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You'll still be able to post comments with the same ease as in this location. The proprietor also will keep this web site alive if you wish to review old posts.

Tuesday, August 15, 2006

New Flying Rules Are Actually a Godsend

Rather than ruining flying, the new no-liquids-on-board rule is a godsend

Dennis Byrne

Think about the two most annoying experiences about flying today: The long wait to get your carry-on baggage searched and the longer wait while obese fliers clog the cabin aisle while struggling with their equally obese carry-on bags.

Carry-on baggage in hands of inexperienced or self-absorbed passengers is a curse. How many times have you been stuck behind someone trying to squeeze, pound and implant their over-stuff suitcase into the overhead bin? How long does it take you to get off the plane while some fool—always at the front of the cabin ahead of you and scores of other passengers—struggles to extricate the same suitcase from the bin’s confines?

While outwardly the rest of us patiently cool our heels, I’d love to know how many are secretly wishing that the offending passengers themselves would get stuffed into the bins.

What is it with these people? Their precious things can’t be out of their sight for even an hour or two? Their conceit that their time is so much more important than ours that they can’t wait for checked luggage?

Read more at Human Events


Stephen Schade said...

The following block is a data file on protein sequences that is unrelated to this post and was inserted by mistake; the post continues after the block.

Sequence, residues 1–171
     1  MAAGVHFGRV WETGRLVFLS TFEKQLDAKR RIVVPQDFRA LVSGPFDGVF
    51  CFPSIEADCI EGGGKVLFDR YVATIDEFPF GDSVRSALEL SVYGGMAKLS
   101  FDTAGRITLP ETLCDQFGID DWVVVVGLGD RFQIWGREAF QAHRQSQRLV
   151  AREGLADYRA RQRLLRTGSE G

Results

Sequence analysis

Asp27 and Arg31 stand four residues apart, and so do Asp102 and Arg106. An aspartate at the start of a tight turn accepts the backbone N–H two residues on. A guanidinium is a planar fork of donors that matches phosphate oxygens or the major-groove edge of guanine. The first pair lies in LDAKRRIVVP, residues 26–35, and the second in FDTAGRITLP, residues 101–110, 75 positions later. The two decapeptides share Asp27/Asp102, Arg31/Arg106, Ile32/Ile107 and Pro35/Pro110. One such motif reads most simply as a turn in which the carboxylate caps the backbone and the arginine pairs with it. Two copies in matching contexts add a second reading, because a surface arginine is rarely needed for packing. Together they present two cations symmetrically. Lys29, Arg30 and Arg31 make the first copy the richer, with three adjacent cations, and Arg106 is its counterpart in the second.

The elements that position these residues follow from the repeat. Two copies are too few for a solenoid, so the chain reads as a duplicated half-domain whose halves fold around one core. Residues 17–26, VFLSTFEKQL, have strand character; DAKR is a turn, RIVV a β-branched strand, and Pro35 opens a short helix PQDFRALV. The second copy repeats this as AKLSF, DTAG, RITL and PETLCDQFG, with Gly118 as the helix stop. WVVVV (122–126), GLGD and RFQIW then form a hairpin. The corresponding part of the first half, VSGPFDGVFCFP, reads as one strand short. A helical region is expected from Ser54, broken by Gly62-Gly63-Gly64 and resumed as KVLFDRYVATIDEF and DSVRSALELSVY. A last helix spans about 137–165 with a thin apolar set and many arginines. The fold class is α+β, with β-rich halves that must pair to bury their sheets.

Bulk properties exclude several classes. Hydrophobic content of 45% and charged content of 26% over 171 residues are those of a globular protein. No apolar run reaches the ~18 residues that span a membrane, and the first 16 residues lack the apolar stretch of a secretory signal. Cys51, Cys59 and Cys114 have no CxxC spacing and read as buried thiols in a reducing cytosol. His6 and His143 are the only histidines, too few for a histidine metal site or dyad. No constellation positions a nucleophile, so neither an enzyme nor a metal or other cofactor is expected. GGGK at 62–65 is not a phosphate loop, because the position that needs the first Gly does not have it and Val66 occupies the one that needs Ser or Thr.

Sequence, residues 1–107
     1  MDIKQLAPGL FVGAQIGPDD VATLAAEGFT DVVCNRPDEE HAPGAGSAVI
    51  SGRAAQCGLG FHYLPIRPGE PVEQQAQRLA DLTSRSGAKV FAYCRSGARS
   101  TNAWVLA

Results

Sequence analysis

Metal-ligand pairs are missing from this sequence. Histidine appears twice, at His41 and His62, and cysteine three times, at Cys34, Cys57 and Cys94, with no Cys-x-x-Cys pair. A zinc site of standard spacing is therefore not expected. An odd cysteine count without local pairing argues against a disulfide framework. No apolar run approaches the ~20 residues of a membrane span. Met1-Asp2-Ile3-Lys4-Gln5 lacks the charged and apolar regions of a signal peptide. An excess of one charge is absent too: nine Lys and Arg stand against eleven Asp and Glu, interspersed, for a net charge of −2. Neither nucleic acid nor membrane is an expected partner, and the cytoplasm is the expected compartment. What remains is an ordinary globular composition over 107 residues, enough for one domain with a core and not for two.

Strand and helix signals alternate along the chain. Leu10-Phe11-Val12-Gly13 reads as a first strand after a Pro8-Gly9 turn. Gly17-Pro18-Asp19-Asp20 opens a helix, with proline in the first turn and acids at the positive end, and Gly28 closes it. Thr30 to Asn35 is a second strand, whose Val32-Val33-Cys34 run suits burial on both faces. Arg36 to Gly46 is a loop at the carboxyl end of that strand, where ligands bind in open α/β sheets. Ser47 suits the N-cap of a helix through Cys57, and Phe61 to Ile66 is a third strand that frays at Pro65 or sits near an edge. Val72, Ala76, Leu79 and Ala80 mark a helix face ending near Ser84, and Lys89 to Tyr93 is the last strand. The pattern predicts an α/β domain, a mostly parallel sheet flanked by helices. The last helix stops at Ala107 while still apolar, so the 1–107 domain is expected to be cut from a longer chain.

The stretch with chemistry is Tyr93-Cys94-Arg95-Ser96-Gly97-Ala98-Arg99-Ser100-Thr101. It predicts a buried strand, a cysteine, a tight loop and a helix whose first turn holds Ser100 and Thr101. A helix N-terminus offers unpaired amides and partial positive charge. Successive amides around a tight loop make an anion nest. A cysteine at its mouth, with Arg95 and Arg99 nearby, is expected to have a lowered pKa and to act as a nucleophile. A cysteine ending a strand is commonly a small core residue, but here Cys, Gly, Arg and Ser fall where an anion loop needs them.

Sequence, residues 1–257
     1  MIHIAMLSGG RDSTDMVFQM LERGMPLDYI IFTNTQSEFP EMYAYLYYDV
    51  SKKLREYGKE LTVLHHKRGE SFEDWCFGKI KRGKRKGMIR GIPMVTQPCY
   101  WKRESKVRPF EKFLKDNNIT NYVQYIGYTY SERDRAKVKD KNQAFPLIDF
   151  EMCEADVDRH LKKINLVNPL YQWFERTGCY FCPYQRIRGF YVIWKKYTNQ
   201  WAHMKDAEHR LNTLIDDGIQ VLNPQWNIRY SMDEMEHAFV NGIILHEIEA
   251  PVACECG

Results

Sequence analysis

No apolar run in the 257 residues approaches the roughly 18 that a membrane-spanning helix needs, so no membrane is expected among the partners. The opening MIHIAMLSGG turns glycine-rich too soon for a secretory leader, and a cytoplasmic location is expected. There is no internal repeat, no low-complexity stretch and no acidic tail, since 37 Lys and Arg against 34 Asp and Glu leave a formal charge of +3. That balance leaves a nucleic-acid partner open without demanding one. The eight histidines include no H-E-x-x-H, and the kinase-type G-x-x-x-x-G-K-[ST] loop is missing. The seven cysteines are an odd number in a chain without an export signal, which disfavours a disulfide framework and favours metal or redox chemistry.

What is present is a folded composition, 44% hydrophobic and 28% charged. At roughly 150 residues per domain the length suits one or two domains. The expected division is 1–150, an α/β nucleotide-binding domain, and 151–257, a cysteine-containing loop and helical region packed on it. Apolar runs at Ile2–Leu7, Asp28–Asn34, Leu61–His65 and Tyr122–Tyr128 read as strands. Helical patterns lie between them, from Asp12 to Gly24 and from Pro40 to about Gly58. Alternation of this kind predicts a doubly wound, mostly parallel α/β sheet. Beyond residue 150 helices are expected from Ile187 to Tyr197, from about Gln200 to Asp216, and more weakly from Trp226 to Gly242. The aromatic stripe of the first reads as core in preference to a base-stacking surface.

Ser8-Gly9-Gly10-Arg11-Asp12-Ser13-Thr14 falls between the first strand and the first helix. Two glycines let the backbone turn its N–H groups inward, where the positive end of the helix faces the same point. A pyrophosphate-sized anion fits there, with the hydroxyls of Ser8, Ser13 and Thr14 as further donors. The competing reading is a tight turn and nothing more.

Mr. Byrne:

Some flyers will always be inexperienced. Even minus a few liquid items, they will still take forever to put their bag in the bin. Now that a third of adults are obese, we are stuck with that problem as well. Charging them for two seats only means that it will be more difficult for the rest of us to book flights.

The no liquid rule may mean more checked baggage, but it will also eliminate my carry-on. As someone who packs light and likes to save time by avoiding baggage claim, I find it an inconvenience.

There is also a question as to whether a drink bottle contains enough explosive to blow a hole in an airplane. I suppose it is better to be safe than sorry, but the most these plotters are likely to have done is to scorch the lavatory.

Anonymous said...

Mr. Byrne:

I will be the first to agree than many people carry way too much baggage into an aircraft cabin.

But, there are legitimate items that should be allowed into the cabin.

For years, airlines have disclaimed liabilty for fragile, very expensive, and electronic items. Jewelry, wine from Napa and Sonoma Counties, and laptop computers have no business going into a cargo hold.

In fact, my wife's employer is quite concerned about the possiblity of no carry-on bags. Not only does the company fear broken laptops, but sensitive documents could become lost, or worse, fall into the hands of competitors.

Then there is the matter of children. I have a three-year-old son, and we don't carry a tremendous amount with us, when we fly. However, our child does need some snacks, such as Goldfish; bottled water; toys; and books to pass the time, particularly during delays. Make it impossible to bring these items into a cabin, and small children will turn the cabin into house of bleeding eardrums.

Finally, there is the issue of economics. If people are prevented from bringing items into the cabin, they might very well decide to drive. My wife is considering driving to Columbus and Cincinnati, because the new rules forbid the bringing of hand cream beyond security. During the winter, she goes through hand cream the way a Hummer H2 goes through gasoline.

The last thing the airline industry needs is people driving.

And, for every extra piece of checked baggage, that is less cargo and mail that can go into a cargo hold. Less cargo and mail means higher fares for passengers.